Stockbrokers' analysts research is often detailed, and may seem dull unless you have specialist knowledge of the industry. The stock recommendations are typically unreliable, and are aimed at institutions that know how to read between the lines. I still recommend that you get to see as much research as you can, for two reasons.
First, research reports educate you about a company, sector, or macro-economic overview. Second, the latest company report from a respected analyst will move the share price.
Occasionally, you will come across research output from an analyst who also happens to be a talented writer, and this makes it much easier to read. Russian banks are good about distributing research free on the Internet, although this can be late. Western and US bank sometimes follow suit, but possibly for a limited period.
Otherwise, you can obtain analysts' research reports on a pay-as-you-go basis through specialist web-based services but I tend to avoid these since such research can often be out of date, which is annoying if you are paying highly for it.
There is a better way to obtain analysts' research, and it will cost you nothing more than a little legwork. Ring up analysts at broking houses and ask for a copy of their latest research. Analysts are at their most alert in the early morning. Contact them with brief but pertinent questions and a request for their research. You are most likely to receive cooperation if you can represent yourself as a journalist, researcher or similar. It helps too if you can pick up the research in person, which - as a bonus - may enable you to meet the analyst.
Consider any report that you hold as only one of the information sources that you will use to help you make your trading decisions. Consider the following limitations:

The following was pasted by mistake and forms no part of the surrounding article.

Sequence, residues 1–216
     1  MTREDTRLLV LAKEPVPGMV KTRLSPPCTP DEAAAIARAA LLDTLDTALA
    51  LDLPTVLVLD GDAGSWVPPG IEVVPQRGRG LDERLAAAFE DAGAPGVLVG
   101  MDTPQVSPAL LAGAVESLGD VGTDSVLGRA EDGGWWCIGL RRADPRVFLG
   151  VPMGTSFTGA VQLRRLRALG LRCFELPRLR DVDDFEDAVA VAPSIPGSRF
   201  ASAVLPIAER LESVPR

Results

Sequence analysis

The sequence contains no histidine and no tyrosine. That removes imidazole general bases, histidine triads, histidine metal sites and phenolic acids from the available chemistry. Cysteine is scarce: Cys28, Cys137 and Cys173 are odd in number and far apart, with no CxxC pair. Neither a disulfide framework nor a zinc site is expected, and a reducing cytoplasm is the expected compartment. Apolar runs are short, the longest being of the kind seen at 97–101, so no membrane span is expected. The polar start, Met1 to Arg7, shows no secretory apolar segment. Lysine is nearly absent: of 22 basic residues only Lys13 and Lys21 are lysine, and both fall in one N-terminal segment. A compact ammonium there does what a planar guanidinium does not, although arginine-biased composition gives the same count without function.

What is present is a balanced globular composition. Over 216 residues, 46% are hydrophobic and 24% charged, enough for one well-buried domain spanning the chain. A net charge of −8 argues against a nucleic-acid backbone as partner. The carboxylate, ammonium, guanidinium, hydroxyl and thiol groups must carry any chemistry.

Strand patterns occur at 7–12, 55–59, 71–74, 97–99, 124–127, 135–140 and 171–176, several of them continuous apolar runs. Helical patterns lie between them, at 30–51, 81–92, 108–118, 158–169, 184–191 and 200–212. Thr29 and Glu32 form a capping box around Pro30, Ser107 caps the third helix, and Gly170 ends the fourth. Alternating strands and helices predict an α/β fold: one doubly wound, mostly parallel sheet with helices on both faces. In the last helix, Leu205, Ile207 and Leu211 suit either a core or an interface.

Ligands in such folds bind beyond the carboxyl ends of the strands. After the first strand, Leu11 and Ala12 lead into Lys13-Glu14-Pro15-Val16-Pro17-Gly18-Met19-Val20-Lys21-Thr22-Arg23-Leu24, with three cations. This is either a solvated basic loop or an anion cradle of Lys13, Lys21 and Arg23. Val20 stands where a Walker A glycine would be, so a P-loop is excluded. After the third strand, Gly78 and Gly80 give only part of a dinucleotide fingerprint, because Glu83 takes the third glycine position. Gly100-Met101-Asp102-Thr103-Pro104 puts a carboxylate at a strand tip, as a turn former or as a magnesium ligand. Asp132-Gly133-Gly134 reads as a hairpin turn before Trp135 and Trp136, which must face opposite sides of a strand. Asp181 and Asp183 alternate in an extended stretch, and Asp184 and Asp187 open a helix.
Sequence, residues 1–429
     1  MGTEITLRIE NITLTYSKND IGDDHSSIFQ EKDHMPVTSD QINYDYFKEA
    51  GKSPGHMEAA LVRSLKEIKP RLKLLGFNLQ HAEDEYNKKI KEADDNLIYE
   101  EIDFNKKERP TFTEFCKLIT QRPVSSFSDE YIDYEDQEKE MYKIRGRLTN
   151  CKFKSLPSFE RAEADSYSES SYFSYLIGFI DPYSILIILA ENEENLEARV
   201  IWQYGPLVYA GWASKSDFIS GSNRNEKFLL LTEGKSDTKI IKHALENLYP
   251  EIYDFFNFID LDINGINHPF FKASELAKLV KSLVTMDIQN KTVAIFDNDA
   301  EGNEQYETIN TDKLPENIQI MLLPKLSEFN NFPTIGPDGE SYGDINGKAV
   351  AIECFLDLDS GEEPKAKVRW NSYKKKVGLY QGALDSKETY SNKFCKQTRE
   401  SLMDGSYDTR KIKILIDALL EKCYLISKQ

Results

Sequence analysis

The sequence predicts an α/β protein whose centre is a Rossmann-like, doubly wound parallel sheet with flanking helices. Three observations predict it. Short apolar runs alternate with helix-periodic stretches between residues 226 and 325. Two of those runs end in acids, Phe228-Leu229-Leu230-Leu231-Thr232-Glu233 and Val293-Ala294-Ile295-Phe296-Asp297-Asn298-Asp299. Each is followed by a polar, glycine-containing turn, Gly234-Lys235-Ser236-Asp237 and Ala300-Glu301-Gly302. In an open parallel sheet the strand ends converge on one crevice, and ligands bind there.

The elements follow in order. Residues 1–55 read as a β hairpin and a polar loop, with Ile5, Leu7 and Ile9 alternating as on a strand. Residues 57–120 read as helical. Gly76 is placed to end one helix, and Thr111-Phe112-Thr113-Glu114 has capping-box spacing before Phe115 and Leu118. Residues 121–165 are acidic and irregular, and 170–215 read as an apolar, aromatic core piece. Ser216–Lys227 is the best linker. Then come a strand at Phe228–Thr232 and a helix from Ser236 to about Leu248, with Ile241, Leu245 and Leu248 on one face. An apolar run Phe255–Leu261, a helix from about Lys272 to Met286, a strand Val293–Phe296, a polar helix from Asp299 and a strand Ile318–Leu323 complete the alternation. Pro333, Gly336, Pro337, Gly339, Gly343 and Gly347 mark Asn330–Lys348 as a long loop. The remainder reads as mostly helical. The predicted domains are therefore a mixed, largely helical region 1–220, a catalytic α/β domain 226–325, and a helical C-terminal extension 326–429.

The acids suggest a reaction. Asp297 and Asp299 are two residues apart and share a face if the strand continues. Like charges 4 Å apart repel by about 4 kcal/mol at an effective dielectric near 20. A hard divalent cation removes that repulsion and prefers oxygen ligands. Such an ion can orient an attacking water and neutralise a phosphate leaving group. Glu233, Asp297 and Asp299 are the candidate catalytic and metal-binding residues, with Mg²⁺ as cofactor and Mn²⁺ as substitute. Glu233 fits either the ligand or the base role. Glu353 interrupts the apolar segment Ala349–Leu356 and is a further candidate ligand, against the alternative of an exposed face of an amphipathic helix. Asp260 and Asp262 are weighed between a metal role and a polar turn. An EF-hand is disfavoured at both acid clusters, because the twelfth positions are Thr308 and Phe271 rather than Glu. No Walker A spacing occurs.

In the past 25 years, the role of the analyst has grown from that of a backroom researcher to a backup salesperson. As the expert that salespeople produce at client meetings, a good analyst can make the difference in obtaining a large order, which is why the top analysts earn millions of pounds a year.
Unfortunately, analysts are not always objective. If they are bullish about a company, this may be because the bank has a corporate releationship with it, which it declares, or it hopes to have this.
In the case of such a corporate relationship, the analyst will almost certainly have better access to the company, which should make its research more authoritative, despite the inevitable bias. Also, following recent accounting scandals, and the decline of most Internet stocks, the issue of analysts independence and integrity has come under the spotlight...
The company is seen to issue all analysts with the same information at the same time. Based on this, analysts will often produce similar earnings forecasts.
Overzealous research analysts may swiftly find themselves persona non grata with the company. This could be suicide to their professional career.
Based on this situation, stock market nalysts are normally reluctant to offer a Sell recommendation on the company as it might then refuse to talk with them.
Your Guide to Analysts-Speak
Analysts write - and often speak - in a coded language that is aimed at institutional investors who understand how to read between the lines. The aim is to avoid being openly critical of the company. Here follows a guide to some of the most common terms used by analysts, followed by the hidden meaning. This is not a complete list, but will give you a feel for how the game works.
If a favoured company issues an unexpected profit warning, the share price will plummet as institutional investors sell out.
Analysts who can flag problems in advance to institutional investors when their competitors fail to do so will develop a valued reputation for independent thinking. Their hardest task is to reconcile this with a tactful relationship with the underlying company.